May 15, 2014 (KAMPALA) – South Sudan’s ministry of health is on high alert after one person died this week following an outbreak of cholera in the nation’s capital, Juba.
Eighteen suspected cases of cholera have been reported in the city and surrounding areas.
- A child receives an oral cholera vaccine dose at the UNMISS Tomping camp in South Sudan’s capital, Juba, where tens of thousands of South Sudanese are living in makeshift shelters (Photo: Wendy van Amerongen/Medair)
South Sudanese health officials have launched a joint vaccination campaign with its aid partners, targeting communities in the Mingkaman, Malakal, Bor, Tomping and Juba 3 areas.
The start of South Sudan’s rainy season has dramatically raised the threat level of waterborne diseases for an estimated 86,000 internally displaced persons (IDPs) sheltering in protection sites at UN bases across the country, the International Organisation for Migration (IOM) said.
Aid agencies have warned that overcrowded conditions, as well as poor sanitation and hygiene facilities could lead to further outbreaks of disease.
IOM’s health unit is currently conducting oral cholera vaccination campaigns at UN sites across the country.
IOM’s Health Unit is reportedly responding to the threat by conducting oral Cholera vaccination campaigns in PoC sites, in close cooperation its health cluster partners.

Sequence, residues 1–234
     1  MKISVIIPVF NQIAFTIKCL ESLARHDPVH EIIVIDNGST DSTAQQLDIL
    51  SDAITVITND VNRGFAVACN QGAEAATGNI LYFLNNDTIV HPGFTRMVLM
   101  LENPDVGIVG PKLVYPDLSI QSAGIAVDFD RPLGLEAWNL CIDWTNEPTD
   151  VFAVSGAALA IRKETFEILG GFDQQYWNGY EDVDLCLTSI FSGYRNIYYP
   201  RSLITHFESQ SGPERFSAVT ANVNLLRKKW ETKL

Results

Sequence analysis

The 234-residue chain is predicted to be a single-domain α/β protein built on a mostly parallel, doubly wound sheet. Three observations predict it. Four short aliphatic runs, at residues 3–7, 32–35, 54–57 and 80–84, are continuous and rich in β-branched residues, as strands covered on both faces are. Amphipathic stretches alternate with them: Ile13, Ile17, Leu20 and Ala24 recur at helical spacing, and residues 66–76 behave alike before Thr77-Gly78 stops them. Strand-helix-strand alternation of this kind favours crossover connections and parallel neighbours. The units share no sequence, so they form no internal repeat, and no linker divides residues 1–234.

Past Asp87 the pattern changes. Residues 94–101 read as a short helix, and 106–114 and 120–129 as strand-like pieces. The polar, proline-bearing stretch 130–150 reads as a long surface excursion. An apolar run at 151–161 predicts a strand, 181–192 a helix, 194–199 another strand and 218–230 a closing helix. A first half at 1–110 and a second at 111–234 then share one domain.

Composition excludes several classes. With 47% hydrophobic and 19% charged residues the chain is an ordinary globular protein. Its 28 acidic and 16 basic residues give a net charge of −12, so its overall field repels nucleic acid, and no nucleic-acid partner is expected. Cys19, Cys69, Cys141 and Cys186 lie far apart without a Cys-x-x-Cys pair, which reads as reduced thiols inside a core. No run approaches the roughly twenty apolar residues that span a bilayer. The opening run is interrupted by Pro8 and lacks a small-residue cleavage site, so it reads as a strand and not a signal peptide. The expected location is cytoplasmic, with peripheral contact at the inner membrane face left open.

The campaign got underway on 6 May in Jonglei state capital Bor, where some 2,862 IDPs were reportedly vaccinated, with the second phase earmarked to start on 20 May.
There are also plans to extend the vaccination campaign to Unity state capital Bentiu in coming days.
Conflict erupted in South Sudan five months ago, with ongoing violence and escalating tribal tensions displacing more than 1.3 million people.
Some have sought shelter at UN bases, while other have fled to neighbouring countries.
Aid agencies say thousands of people continue to live in fear and cut off from humanitarian assistance after fleeing in to the bush.
The health ministry has set up a national emergency taskforce to coordinate the humanitarian response to the crisis.
Cholera is an acute infectious disease caused by the Vibrio cholerae bacterium and can lead to death in severe cases or if left untreated.
Cholera is contracted through the ingestion of contaminated food and water and generally spreads in places with poor hygiene and sanitation.
Washing hands with soapy water after using the toilet, as well as avoiding raw, uncovered food and untreated water can help mitigate the risk of contracting the disease.
The ministry of health urged local people to seek medical treatment immediately should they experience any of the following symptoms: severe diarrhea, nausea or vomiting, muscle cramps or dehydration.
It has appealed to its aid partners for assistance in helping strengthen preventative measures against the deadly disease.
Areas in Juba affected by the outbreak include Gudele 2, Gudele 1, Juba Nabari, Jopa, Kator, Gabat, Mauna, Newsite, Nyakuron and Munuki Block A.